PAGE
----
Adapting mice to the hepatitis C virus is also a focus of the research group of Prof Thomas Pietschmann, a virologist at the TWINCORE, which is a joint facility of the HZI and the Hannover Medical School. Aside from other projects, Pietschmann's team investigates the durability of the virus on different surfaces and searches for new drugs against hepatitis C. They already discovered a promising candidate: a plant-derived substance called Ladanein.
Hepatitis A, D, and E
The transmission pathways and clinical pictures of infections by hepatitis A viruses (HAV) are different from those of HBV and HCV. Accordingly, the hepatitis A virus is usually transmitted in the presence of poor hygienic conditions by contaminated water or food items or contact with an infected person. In almost all cases, the immune system eliminates the viruses. In the aftermath of an HAV infection or vaccination against the virus, the respective individual is usually protected from re-infection for a long time, presumably life-long. Especially in European countries, in which the prevalence of HAV is low, the majority of the adult population is not serologically protected from infection. This is mainly due to the fact that only few people had an HAV vaccination at child age or experienced an HAV infection.
The Department of Epidemiology supports investigations of prevalence and the immunity to HAV of the population in Europe. The researchers also developed a method that allows differentiation between immunity acquired by vaccination versus and immunity acquired through infection. The developed serological test is foreseen to be applied for the first time in a study in Columbia. Specific HAV vaccination strategies, for example in terms of the age group and dose, are implemented in Latin and South American countries. In these countries, the test allows to address relevant questions on the duration of the protection after vaccination or the susceptibility to HAV infection.
Hepatitis D virus needs the aid of hepatitis B virus for its proliferation and occurs only in combination with HBV. Thus far there are hardly any treatment options allowing HDV to be cured in the long-term and the most effective protection is vaccination against hepatitis B.
The transmission of hepatitis E virus (HEV) varies depending on the geographically prevalent genotype. In countries like India, the virus is usually transmitted by faeces in water or food items, whereas the predominating genotype in Europe is transmitted mainly from animals to humans and upon consumption of insufficiently cooked pork or game meat products. Some 20 million people are estimated to harbour the virus and 44,000 succumbed to it in 2015. In certain groups of individuals, such as pregnant women and immuno-compromised persons, the infection can take a severe course or turn chronic. A vaccine against the infection has been developed, but has been approved only in China thus far. The HZI's department "Epidemiology" systematically assesses scientific epidemiological data on the prevalence of hepatitis E virus in Europe and identifies various influencing factors.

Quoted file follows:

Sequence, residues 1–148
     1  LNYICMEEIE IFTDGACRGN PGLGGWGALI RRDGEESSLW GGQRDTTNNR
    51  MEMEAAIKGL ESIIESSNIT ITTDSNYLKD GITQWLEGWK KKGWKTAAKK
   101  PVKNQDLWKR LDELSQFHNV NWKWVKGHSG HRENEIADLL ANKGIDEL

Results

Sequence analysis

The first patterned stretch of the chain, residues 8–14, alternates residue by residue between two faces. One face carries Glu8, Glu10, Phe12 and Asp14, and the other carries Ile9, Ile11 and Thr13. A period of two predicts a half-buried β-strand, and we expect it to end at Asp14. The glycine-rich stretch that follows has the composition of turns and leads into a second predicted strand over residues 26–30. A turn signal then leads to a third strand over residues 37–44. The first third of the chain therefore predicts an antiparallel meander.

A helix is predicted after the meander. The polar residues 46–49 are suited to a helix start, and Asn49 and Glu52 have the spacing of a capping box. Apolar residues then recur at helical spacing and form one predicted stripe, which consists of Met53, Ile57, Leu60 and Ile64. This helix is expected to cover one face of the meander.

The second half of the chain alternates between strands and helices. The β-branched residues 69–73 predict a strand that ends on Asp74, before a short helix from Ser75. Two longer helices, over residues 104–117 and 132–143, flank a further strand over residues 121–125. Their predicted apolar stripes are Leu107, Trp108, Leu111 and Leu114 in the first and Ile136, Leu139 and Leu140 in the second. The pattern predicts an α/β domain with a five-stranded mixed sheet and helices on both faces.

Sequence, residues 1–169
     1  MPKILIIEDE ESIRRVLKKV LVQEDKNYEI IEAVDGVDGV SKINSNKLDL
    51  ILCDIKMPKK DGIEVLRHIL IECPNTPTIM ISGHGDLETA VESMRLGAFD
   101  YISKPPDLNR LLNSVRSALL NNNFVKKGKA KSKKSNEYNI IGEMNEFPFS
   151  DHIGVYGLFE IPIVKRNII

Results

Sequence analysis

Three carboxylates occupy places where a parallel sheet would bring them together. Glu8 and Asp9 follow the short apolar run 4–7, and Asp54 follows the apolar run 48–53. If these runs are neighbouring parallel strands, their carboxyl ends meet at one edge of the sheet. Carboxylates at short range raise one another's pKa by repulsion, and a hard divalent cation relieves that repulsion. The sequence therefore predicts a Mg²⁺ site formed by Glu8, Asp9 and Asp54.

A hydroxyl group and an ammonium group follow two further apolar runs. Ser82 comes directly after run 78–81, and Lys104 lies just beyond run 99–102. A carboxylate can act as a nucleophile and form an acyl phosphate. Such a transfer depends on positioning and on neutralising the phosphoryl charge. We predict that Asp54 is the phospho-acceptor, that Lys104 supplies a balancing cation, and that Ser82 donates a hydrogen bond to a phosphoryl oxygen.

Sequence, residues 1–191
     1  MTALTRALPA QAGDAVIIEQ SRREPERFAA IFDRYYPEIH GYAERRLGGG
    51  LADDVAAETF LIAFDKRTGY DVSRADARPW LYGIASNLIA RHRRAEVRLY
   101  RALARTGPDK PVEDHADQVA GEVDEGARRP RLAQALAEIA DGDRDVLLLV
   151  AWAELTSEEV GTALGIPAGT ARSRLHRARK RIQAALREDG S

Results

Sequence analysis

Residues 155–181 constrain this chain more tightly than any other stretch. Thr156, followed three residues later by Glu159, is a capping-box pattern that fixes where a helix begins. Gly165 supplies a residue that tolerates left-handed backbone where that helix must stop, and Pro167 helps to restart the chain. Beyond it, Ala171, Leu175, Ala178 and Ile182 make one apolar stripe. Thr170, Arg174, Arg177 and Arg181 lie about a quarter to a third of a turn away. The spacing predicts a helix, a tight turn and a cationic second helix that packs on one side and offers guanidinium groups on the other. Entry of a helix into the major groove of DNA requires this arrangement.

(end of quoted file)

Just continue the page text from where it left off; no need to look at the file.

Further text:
Strategy against hepatitis
The WHO set the ambitious goal to "eliminate" viral hepatitis as a global threat by the year 2030. For this purpose, the WHO established a catalogue of measures that would reduce the number of new infections by 90 percent and the number of fatalities by 65 percent. The strategic measures are meant to guide countries and global partners through the necessary political, social and scientific developments.
(jot, afi, jgr)
World Hepatitis Day (English)
WHO website on the World Hepatitis Day 2020 (English)
WHO website on hepatitis including current data, news and fact sheets (English)
Robert Koch Institute (Information about hepatitis A-E infections and the reporting obligation)